The Soul of an Octopus by Sy Montgomery
Atria Books, 2015
Sy Montgomery is a Naturalist. She has spent her life studying and exploring a variety of animals ….. but all vertebrates. And then she discovered octopuses — and decided these eight-limbed invertebrates were not only worth studying, they were worth befriending. Spending countless hours at the Boston Aquarium, as well as observing them in their natural environment, Sy discovers that octopuses are incredibly intelligent, playful, and actually have distinct personalities. Go figure.
A month ago, if you had given me tickets to see an octopus at the aquarium, I would have grudgingly said thanks and then wondered what the heck I had done to make you so angry with me. Slimy, ugly, scary, misshapen heads, suckers galore, and way too many legs …… who wants to go see that? An octopus is like the sea equivalent of a spider, but ten times worse, because it can seriously kill you. If you doubt me, just watch the original 20,000 Leagues Under the Sea. No thank you.
A month ago, if you had given me a book on octopuses (apparently that really is the plural form of octopus), I would have had the same reaction. What had I done to make you so angry with me? I certainly never would have dreamed I would have shed a tear over an octopus.
But then my husband started reading The Soul of An Octopus, and began sharing little snippets with me along the way. I became intrigued. I found myself silently wishing he would hurry up and finish the darn book so that I could read it. Read faster, Jimmy!!! Alas, patience is not one of my strong suits. When at last he handed it over, I immediately cracked the cover. And I was not disappointed. In fact, now I can’t wait to go to the Seattle Aquarium to go see some octopuses myself!
Sticking with the theme of eight, here are my eight observations having finished The Soul of an Octopus:
- Octopuses are incredibly cool and complex. I was amazed to learn that they have distinct personalities and can recognize and react to people. They are clever enough to solve puzzles and can play with as much enthusiasm as my own pup. Who knew?
- Sy is a really good storyteller. I enjoyed her stories of the four octopuses that she engages with during her time at the Boston Aquarium. Her awe of these creatures is both captivating and contagious.
- The use of similies gets a bit sappy at times. “…… my breath rising in silver bubbles like a song of praise, here I am.” Just push through. What you learn about these amazing creatures will make these slightly annoying transgressions all worthwhile.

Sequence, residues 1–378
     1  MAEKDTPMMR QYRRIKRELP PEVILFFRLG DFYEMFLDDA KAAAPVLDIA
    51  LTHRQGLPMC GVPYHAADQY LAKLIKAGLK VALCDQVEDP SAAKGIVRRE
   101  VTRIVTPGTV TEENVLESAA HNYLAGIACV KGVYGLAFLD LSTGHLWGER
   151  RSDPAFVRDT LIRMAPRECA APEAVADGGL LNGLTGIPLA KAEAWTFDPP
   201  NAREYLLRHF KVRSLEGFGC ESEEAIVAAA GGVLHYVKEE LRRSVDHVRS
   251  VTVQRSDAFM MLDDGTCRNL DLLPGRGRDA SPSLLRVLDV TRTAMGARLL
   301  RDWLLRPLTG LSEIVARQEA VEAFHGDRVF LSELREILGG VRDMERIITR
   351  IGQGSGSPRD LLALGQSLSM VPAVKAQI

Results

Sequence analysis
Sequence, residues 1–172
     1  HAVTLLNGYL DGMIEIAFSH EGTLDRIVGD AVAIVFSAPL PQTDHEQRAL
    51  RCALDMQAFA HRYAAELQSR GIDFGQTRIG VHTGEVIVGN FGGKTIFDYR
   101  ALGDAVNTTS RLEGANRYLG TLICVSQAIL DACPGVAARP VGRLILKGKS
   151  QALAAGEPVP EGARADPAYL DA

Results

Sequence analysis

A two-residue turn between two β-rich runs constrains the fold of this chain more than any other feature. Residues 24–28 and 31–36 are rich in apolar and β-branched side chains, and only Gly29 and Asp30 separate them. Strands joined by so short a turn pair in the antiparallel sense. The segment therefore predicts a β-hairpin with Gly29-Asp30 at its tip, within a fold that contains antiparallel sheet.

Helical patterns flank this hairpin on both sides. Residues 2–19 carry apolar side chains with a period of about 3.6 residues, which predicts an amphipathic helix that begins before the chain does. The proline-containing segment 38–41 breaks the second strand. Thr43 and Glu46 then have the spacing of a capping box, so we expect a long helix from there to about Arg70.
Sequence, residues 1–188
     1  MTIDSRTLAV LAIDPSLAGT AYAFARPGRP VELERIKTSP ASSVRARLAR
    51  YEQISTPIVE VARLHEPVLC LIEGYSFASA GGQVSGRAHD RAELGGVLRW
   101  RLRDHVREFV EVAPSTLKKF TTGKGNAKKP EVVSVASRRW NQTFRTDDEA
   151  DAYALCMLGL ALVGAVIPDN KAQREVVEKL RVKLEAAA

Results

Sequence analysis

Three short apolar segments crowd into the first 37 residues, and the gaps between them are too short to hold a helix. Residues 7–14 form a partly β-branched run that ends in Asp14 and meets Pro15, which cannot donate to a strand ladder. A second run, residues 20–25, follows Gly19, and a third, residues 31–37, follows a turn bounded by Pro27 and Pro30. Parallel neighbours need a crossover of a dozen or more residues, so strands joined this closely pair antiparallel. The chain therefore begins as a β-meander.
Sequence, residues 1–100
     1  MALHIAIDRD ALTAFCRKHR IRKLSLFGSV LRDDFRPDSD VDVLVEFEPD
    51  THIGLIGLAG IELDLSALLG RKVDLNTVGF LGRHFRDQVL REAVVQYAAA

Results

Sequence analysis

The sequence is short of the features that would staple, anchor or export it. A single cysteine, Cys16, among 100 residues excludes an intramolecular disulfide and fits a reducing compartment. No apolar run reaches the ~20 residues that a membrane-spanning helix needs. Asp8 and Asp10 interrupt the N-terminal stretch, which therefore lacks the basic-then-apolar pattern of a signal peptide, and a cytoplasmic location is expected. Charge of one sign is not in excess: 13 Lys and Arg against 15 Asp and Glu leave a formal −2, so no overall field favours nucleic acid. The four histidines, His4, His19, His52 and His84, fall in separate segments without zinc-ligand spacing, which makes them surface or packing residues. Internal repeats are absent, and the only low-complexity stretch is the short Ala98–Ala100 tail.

- The Soul of an Octopus is NOT a scientific journal. You will be disappointed if that is what you seek. The style is more of a personal journal, with scientific facts thrown in rather than a scientific study. But don’t get me wrong, you will learn a lot about the biology, behavior and anatomy of octopuses and other sea creatures. But you will also learn a lot about Sy and the cadre of experts and volunteers that she engages with at the Boston Aquarium.
- I am not a fan of deliberately capturing animals to put on display. I recognize that it is important to do in order to raise awareness and doing so also enhances our ability to learn about other species. But it does make me sad to think that aquariums deliberately go out and pay for others to capture wild animals to put on display. Sigh.
- (While I hate the thought of octopuses being captive), I would definitely love to stick my arm into a tank so I could pet an octopus. Yes, I know that is completely hypocritical. The good is that because Sy does such an incredible job of describing the sensation of physically interacting with an octopus, I don’t have to be a hypocrite. Thanks Sy.
- I am quite confident that I will never pursue getting certified to dive. Sy’s description of getting her diving certification sounded like hell to me. Cold water, ear piercing pain, disorienting dives, sharks, sharing wet suits others have peed in, breathing in an apparatus others have vomited in….… that’s a big fat NOPE.
- Despite the title, it is impossible to conclude whether octopuses actually have souls. But my instincts and experience with other animals tells me that, depending on how you define a soul, most animals probably do have a soul of sorts. In fact, most seem to have more soul than some people I know. But that is an entirely different discussion……
Regardless of your beliefs about octopuses having souls, you are guaranteed to enjoy getting to learn more about these amazing creatures.
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